1. At Your College or University

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Landing a great internship is about building relationships with working graphic designers at all levels.

The best place to begin your graphic design internship search is at school. Talk to the career center at your college or university or use internal job boards or networking groups such as Handshake to see information posted by companies to your campus community.

It is a common practice for companies to seek interns from certain colleges or programs, giving career counselors access to internship descriptions and information that you might not find anywhere else.

In addition to talking with counselors and looking and college-specific job/internship boards, make sure to attend job fairs, where you can talk to company recruiters and human resources professionals from actual companies visiting campus.

Finally, pay attention to your college’s calendar of events. Attend talks from professionals in your field and always make a point to stay after and say hello and get their business card if you can. Landing a great internship is about building relationships with working graphic designers at all levels.

2. Online Job Sites

design internship
Google has a new and pretty robust jobs tool that pulls job and internship listings from a number of locations right into a single search query.

Like with almost any other research project, going to the Internet for information can get you on the right path.

The most popular places to search for quality jobs online include Indeed, Monster, Glassdoor and LinkedIn. Each site allows users to search for specific types of jobs by location or company name. If you know exactly what you are looking for this type of general search can be helpful. You can also try more specialty listings from Internships.com.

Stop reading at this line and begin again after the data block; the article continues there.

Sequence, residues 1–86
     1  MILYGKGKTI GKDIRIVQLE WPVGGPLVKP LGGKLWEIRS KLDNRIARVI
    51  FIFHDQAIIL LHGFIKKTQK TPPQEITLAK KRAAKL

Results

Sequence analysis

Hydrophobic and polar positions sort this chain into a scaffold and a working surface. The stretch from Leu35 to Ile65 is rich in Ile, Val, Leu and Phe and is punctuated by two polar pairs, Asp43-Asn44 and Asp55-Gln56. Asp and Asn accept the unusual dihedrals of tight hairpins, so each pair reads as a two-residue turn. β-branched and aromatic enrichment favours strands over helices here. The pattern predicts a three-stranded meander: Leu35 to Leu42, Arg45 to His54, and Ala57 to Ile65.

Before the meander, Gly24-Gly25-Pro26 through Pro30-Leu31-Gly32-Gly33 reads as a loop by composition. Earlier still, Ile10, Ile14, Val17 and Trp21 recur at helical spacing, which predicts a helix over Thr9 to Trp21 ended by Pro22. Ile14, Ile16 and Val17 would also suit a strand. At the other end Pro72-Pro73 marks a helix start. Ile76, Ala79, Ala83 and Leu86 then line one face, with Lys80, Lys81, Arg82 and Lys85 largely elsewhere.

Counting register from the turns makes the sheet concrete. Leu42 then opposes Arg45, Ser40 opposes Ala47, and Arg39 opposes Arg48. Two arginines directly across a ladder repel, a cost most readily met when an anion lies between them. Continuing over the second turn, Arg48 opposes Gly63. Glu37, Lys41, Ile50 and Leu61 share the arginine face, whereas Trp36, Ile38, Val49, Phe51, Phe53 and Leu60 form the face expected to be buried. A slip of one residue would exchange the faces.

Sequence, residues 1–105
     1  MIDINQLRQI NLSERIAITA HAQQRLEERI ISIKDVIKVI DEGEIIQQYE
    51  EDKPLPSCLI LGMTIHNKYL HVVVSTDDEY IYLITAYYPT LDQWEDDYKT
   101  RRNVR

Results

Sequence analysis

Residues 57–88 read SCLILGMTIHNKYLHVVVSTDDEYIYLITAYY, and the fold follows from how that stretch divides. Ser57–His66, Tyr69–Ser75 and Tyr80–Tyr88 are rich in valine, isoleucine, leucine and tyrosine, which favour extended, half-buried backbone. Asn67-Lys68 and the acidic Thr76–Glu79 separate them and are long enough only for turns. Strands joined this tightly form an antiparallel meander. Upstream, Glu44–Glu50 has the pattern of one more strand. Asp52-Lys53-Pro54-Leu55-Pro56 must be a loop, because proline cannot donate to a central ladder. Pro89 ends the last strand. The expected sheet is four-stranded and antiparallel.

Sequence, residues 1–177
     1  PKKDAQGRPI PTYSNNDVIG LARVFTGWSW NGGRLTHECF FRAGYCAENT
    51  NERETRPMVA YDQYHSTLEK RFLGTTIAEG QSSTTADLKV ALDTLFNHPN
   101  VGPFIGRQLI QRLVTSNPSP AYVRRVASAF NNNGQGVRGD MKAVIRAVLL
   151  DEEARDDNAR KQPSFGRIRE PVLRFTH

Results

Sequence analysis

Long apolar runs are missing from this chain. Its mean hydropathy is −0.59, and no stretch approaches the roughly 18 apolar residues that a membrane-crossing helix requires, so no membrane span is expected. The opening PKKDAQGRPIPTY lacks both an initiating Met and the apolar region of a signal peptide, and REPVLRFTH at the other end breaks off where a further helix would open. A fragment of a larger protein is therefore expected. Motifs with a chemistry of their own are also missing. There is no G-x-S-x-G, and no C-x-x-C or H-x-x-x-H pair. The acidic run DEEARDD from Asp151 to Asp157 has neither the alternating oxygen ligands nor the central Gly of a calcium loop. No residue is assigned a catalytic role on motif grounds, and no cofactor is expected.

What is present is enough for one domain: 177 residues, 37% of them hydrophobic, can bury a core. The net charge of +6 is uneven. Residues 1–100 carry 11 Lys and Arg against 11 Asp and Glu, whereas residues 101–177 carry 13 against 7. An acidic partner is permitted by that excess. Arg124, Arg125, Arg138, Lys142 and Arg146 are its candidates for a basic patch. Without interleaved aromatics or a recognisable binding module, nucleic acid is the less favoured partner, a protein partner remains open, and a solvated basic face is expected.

You can also Google it. Google has a new and pretty robust jobs tool that pulls job and internship listings from a number of locations right into a single search query. (Make sure to include keywords such as “graphic design,” “internship” and a location where you want to look, if applicable. Otherwise, Google might default to the most popular listings or only listings near your current location, which might be different from where you want to intern.)

The tricky part about looking for an internship via online search is that many employers don’t actually post positions, even when they have internships available. Because these jobs are temporary and different than normal positions, employers often don’t pay to publish listings with major job sites.

An online search can be a good starting point, but it shouldn’t be the only way you look for a graphic design internship.

3. Via Direct Contact

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Do you know what kind of company you want to work for? Do you have a specific location where you want to spend your internship hours?

Start the conversation with a polite email introducing yourself with a copy of your resume.